|This is the talk page for discussing improvements to the 5ESS switch article.|
||This article may be too technical for most readers to understand. (July 2010)|
Poor paragraph structure makes this content unclear.
Under the Architecture heading: "The 5ESS runs on a Time-Space-Time (TST) topology. The Time-Slot-Interchangers (TSI) in the Switching Modules (SM), one per several hundred to few thousand telephone lines or several hundred trunks or mixture thereof, sport their own processors, which perform most call handling processes, using their own memory boards. Originally the peripheral processors were to be Intel 8086, but those proved inadequate and the system was introduced with Motorola 68000 series processors. The name of the cabinet that houses this equipment was changed at the same time from Interface Module to Switching Module."
This paragraph provides several facts: 5ESS runs on TST topography; TSI serves several trunks or many telephone lines; And (thanks to a run-on sentence), I know that TSI have their own memory and processors. However, without a connection between the 5ESS and the TSI or SM, I really can't put this information together. Further, when extraneus information is provided, it would help to understand the significance (e.g., TSI have internal processors and memory that exceed the power of 8086 processors--and this is important because...).
This information is interesting but these disconnected facts need glue to bind them together. I'd help if I could, but this is new to me. I had hoped to use this content as background for training about NAVIS. —Preceding unsigned comment added by WhidbeyTomas (talk • contribs) 21:40, 22 July 2008 (UTC)
- Done, at least partly, I hope. Thanks for the precise criticism. I doubt my little improvements finished the job, and would appreciate further help in identifying problems. Jim.henderson (talk) 21:08, 28 July 2008 (UTC)
- I still see some misplaced or out-of-order content, particularly in the introduction - the majority of the introduction is about the modules (I am not familiar with the hardware in particular), listing three types that make up the switch and their composition and purpose. Each are expounded upon below, but the introduction seems to jump around. It also discusses power requirements, which seems somewhat out of place, except for the fact that power is not discussed further at any other point in the section or article, and the introduction would be appropriate if that was all there was to say. Paulmnguyen (talk) 03:23, 21 July 2010 (UTC)
Copy edit #Architecture
Jim, thanks for pulling the copyedit-section tag from Architecture section. I think that the section could use some work as far as getting the content a little more balanced for each of the modules listed (Switching, Administrative, Communication). With more balanced content here, it would be ready for a review by a copyeditor. Maybe there does not need to be further additions to that section, but at a glance, the amount of content there seems to diminish exponentially. In any case, I can make some copyedits. Let me know what you think. Anyone else, please chime in. Paulmnguyen (talk) 02:02, 12 September 2010 (UTC)
- Exponential, roughly speaking, with a base of 2 or 3. Yes, that reflects how much I know, which in turn reflects how often I had to repair them. As this experience recedes in my memory, I may forget some of the details but expect to see the system in broader perspective. And maybe I'll find some paperwork when the coming cool weather keeps me indoors in daytime more often. Meanwhile, sure; there must be several places where I'm failing to see bad prose that will be obvious to others. Jim.henderson (talk) 16:51, 15 September 2010 (UTC)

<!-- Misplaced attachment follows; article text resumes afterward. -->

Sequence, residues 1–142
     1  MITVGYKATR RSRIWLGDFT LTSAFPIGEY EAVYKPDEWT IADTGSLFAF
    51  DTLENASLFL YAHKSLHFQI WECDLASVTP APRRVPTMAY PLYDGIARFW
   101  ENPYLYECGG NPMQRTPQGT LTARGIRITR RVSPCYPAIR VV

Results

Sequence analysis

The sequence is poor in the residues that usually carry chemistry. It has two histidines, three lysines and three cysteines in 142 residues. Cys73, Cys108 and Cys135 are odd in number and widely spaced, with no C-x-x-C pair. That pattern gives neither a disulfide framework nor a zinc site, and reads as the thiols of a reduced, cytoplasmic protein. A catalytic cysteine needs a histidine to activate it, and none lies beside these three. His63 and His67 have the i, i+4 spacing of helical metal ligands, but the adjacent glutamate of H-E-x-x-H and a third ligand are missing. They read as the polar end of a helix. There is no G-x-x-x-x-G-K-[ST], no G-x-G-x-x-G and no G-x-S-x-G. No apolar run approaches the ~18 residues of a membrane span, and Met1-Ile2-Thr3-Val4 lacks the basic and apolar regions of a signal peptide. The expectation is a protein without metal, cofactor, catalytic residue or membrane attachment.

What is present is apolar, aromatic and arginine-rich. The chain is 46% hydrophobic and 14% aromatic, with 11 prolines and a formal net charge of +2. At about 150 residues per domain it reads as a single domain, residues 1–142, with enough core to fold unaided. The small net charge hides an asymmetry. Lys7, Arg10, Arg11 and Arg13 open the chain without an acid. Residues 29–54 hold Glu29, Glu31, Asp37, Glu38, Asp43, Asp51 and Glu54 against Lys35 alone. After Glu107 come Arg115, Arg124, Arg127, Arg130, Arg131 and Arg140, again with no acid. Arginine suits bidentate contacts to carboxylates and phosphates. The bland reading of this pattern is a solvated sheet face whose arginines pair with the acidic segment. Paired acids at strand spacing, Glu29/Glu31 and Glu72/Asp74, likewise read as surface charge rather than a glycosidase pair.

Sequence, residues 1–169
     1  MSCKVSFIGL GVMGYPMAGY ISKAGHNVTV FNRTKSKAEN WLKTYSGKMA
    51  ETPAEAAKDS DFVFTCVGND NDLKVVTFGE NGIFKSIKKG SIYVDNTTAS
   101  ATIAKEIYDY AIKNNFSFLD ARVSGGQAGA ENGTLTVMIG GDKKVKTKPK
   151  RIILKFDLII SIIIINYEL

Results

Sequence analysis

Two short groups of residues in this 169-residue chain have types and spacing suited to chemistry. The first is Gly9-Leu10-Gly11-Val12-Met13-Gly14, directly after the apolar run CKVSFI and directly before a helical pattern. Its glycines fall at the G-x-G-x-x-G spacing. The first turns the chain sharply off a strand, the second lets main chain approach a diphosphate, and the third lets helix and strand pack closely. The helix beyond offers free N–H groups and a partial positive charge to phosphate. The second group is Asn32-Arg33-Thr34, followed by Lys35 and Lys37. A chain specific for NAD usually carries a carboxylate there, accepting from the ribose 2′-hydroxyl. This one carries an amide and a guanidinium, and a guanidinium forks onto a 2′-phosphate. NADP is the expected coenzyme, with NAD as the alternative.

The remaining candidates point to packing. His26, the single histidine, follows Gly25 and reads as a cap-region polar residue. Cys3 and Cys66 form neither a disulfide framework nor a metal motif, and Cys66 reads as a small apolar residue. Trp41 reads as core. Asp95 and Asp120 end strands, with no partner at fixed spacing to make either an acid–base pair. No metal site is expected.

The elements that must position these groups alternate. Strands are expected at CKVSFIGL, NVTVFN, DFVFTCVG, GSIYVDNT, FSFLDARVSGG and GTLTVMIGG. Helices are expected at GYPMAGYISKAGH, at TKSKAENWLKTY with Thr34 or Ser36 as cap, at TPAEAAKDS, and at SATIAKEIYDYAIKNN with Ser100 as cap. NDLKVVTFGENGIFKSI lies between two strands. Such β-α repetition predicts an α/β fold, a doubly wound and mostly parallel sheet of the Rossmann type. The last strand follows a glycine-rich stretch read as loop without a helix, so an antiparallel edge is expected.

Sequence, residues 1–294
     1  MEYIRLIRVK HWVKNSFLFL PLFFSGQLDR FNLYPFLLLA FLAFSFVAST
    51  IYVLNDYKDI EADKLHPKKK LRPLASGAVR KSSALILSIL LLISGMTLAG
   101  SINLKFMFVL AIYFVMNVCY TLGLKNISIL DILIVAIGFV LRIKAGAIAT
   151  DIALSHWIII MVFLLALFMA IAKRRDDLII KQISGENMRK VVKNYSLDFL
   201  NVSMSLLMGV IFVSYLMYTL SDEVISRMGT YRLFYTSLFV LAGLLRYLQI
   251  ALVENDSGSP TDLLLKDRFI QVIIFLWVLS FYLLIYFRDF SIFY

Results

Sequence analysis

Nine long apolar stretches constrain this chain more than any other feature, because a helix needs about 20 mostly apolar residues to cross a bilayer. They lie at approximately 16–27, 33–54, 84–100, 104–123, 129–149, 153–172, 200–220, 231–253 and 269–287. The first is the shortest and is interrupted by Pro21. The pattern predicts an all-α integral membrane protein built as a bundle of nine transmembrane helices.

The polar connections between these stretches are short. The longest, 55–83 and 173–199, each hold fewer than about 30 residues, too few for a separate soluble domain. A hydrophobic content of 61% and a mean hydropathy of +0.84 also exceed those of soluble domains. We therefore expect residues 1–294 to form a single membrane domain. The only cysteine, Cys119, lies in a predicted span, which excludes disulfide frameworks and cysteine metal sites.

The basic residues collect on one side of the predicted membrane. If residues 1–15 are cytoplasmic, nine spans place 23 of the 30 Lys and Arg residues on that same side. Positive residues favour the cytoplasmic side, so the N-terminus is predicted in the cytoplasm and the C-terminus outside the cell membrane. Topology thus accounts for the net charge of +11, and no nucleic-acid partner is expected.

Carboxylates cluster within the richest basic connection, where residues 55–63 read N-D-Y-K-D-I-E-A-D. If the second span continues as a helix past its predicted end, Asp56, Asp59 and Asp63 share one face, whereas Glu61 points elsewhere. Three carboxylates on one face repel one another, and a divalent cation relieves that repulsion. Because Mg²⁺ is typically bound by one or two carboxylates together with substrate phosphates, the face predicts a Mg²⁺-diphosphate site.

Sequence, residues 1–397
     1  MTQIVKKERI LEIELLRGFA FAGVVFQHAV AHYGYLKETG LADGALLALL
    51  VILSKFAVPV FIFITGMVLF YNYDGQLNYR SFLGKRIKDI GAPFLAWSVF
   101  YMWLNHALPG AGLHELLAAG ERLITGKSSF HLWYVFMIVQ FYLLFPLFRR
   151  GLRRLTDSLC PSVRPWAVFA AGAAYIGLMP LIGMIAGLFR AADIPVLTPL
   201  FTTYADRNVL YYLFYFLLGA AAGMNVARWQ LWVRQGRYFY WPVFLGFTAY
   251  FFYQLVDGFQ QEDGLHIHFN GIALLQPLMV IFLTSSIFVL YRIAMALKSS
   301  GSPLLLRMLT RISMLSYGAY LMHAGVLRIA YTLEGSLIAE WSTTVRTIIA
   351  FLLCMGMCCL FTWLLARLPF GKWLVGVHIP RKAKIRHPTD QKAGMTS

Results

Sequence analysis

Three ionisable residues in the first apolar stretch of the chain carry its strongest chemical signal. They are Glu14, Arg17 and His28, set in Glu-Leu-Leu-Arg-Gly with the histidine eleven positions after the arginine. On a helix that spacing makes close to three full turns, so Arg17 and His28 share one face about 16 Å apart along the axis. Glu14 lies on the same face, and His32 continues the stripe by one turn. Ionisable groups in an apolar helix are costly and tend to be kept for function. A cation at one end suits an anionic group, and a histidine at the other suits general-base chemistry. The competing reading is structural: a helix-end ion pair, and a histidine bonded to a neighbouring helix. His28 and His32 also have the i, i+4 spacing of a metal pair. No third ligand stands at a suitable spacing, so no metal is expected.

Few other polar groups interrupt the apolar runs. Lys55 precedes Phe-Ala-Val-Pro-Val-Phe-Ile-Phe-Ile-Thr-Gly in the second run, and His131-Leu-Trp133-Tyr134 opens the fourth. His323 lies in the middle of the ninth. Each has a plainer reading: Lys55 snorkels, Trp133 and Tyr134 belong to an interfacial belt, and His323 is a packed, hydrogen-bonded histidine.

5ESS variants and modules
This link http://www.scribd.com/doc/20938555/Switch-Basics-5ESS provides a list of various modules not mentioned in the WP article. It also mentions some variants of 5ESS providing trunk, local, SS7/C7 signalling transfer point, IN SSP, mobile (MSC) and operator services (OSPS). John a s (talk) 22:46, 31 May 2012 (UTC)
- While it is a little out of date, there is good information at your Scribd link that could be used to expand the article here on Wikipedia. That said, what we already have here on Wiki is in fact complete in terms of describing the basic architecture (AM/CM/SM). Belchfire (talk) 06:29, 3 June 2012 (UTC)
- I did a lot of the PCM highway switching and conferencing chip software on the first iterations of the 5ESS way back when back when dinosaurs roamed the Earth, or so it feels like. The article here lacks a great deal of technical details about the early variants, including the wire-wrapped prototypes that we pressed in to the field in Danver for trials, none of which is mentioned in the article.
- Point being the article lacks a great deal of information about a lot of things involving the development of the product. Truth be told, it makes me feel old. I remember when the 68020 was being considered for much of the processing while we awaited the release of the 68302 CPU which Motorola was taking its time producing (and when they did, Motorola released it with known flaws in their on-board scripts.)
- The 5ESS and the DMS-100 would interoperate in ISDN framing, I.430, Q.921, Q.931/932 and the rest butthere were minor differences of opinion in the interpretation of the specifications for timing and sequence of events for some things, so when I was developing TAs for ISDN for another company, I could always tell which of my produces I was talking to. Damotclese (talk) 22:58, 12 August 2013 (UTC)